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Teaching your teens the difference between flirting and real love

TEENAGERS, LOVE, PARK

Guas | Shutterstock

Edifa - published on 04/20/21

Let’s help them discover that they are capable of it. Let’s not joke around with love.

Even if etymologists do not all agree on the origin of the word “flirt,” the term is related to the old expression: “I love you a little, a lot, madly, not at all!” When we are very young, five or six years old, we pull on the petals of a daisy to play this game while reciting a nursery rhyme, with bursts of laughter and mischievous winks. Ten years later, things are quite different, and daisy or not, the words “I love you” are no longer trivial. Is flirting wrong, or is it a necessary phase everyone goes through? 

What does flirting mean exactly? 

Words can be a trap because they can include anything and everything. And beyond words, the notion of flirting itself covers a whole range of pseudo-relationships: we play at loving each other, we act as if we are in love for good, without taking the time to strengthen this love and develop it; we go too fast, too far, too soon.

Some people flirt to test their power of seduction or to exercise dominance. Others allow themselves to be flirted with, out of thirst for love or out of fear of being seen as a dork, incapable of pleasing anyone. Some flirtations remain platonic, others end up sooner or later in a sexual relationship. But what they all have in common is that they imitate love, sometimes unconsciously, or they experience it as a game, not as a gift that bonds. 

How do we distinguish flirting from true love?

In some cases, it is clear: for both partners flirting is recreational, an entertainment, nothing more. But very often, romantic feelings come into the picture. Jerome enjoys collecting conquests. He likes showing off with a pretty girl next to him. He knows how to “sweet talk” them into spending time with him using his charm and manners. “I’m not doing anything wrong” he says. How can he be sure that one or several of his conquests didn’t think she was loved for good and wasn’t deeply hurt when she discovered that this was all a game? Do we have the right to play with each other’s feelings? The damage is always serious and you cannot clear yourself by accusing your victim of being naïve.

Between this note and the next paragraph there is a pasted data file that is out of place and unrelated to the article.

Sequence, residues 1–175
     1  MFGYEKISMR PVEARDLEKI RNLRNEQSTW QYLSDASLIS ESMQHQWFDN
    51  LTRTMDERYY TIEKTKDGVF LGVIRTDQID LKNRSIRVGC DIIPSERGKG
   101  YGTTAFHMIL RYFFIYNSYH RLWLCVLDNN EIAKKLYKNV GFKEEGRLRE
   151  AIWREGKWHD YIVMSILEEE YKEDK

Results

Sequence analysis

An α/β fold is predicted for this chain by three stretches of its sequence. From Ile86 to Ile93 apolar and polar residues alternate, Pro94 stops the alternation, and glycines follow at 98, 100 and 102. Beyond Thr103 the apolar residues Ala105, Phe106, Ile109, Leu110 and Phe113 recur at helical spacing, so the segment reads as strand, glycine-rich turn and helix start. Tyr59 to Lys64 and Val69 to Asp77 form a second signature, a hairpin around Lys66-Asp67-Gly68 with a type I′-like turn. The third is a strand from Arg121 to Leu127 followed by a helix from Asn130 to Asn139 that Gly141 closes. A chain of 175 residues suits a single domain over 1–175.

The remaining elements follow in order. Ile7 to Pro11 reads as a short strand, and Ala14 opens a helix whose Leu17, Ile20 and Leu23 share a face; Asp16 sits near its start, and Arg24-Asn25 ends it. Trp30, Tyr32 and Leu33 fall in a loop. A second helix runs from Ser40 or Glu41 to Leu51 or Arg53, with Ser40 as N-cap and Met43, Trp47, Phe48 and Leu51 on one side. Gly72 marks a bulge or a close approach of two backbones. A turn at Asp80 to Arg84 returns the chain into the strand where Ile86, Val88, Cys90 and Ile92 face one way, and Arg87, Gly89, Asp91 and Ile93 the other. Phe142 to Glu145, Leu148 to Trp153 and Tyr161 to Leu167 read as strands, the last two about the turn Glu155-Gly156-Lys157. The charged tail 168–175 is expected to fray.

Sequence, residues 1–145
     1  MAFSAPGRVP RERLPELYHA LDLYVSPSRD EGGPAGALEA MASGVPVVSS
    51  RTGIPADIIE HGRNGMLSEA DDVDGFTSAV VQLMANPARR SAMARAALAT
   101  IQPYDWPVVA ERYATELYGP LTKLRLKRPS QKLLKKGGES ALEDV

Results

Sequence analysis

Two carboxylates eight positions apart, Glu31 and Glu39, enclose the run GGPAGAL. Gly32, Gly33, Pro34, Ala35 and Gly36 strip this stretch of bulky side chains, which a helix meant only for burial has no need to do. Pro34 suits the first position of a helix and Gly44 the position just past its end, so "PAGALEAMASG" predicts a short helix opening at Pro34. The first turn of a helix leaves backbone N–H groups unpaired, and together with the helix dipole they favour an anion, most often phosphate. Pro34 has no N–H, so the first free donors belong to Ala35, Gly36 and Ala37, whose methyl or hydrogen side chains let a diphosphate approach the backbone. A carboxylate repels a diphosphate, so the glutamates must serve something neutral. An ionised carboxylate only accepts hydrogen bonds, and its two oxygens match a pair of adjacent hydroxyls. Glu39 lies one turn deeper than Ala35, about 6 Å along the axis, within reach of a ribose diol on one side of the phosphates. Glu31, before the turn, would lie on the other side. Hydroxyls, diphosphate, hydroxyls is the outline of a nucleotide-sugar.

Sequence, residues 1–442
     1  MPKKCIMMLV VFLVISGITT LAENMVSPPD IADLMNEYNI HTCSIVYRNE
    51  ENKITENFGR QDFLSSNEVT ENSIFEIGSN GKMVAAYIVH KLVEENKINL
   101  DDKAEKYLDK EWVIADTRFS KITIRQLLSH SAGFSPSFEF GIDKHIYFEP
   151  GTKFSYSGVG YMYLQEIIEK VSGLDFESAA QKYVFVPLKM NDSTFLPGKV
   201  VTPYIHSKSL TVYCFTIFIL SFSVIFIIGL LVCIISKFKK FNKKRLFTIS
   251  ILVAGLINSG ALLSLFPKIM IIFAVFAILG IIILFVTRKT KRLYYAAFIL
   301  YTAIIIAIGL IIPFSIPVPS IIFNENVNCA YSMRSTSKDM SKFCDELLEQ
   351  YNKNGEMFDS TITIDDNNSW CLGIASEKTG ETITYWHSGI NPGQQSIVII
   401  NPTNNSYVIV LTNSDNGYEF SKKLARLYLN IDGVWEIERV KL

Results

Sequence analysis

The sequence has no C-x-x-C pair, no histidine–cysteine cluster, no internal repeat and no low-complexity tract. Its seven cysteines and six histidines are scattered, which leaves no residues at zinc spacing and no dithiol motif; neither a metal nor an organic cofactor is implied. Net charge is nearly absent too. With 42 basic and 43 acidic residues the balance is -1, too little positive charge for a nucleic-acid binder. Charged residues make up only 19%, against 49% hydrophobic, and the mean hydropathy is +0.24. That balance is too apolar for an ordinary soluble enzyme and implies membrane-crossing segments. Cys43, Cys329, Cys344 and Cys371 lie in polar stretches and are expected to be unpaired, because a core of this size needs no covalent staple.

The dangers of flirting

Do we have the right to imitate love just for the fun of it? Some young people, convinced that they don’t want to have a physical relationship before marriage, think that as long as they don’t sleep together, there is nothing wrong with having a boyfriend or a girlfriend, hitting on a boy or a girl. But if you think about it, doesn’t this type of a relationship make you incapable of experiencing the richness of a real friendship between boys and girls (which is quite different from flirting)? Doesn’t the mere fact of “playing at loving each other,” even if we don’t go as far as sexual intimacy, damage our hearts? Finally, doesn’t a certain physical familiarity seriously jeopardize the decision not to have sex? 

Flirting is a lie. This is not surprising, as the enemy of Love is the Liar. Since the Liar knows that young people are thirsty for love, he diverts them from true love by trapping them with appearances of love, fake love. And this is very clever on his part, because by pretending all the time, young people end up not believing in true love anymore, and think they are not capable of experiencing it. It’s a vicious circle: you become disappointed, discouraged, or outright cynical, because you pretended to be in love, and you continue to settle for fake love because you no longer feel capable of true love. Encouraging young people to flirt is the same thing as having contempt for them. It is like saying they are not capable of true love. Young people are thirsty to love “in a big way,” so let’s help them discover that they are capable of it. Let’s not joke around with love. 

Christine Ponsard

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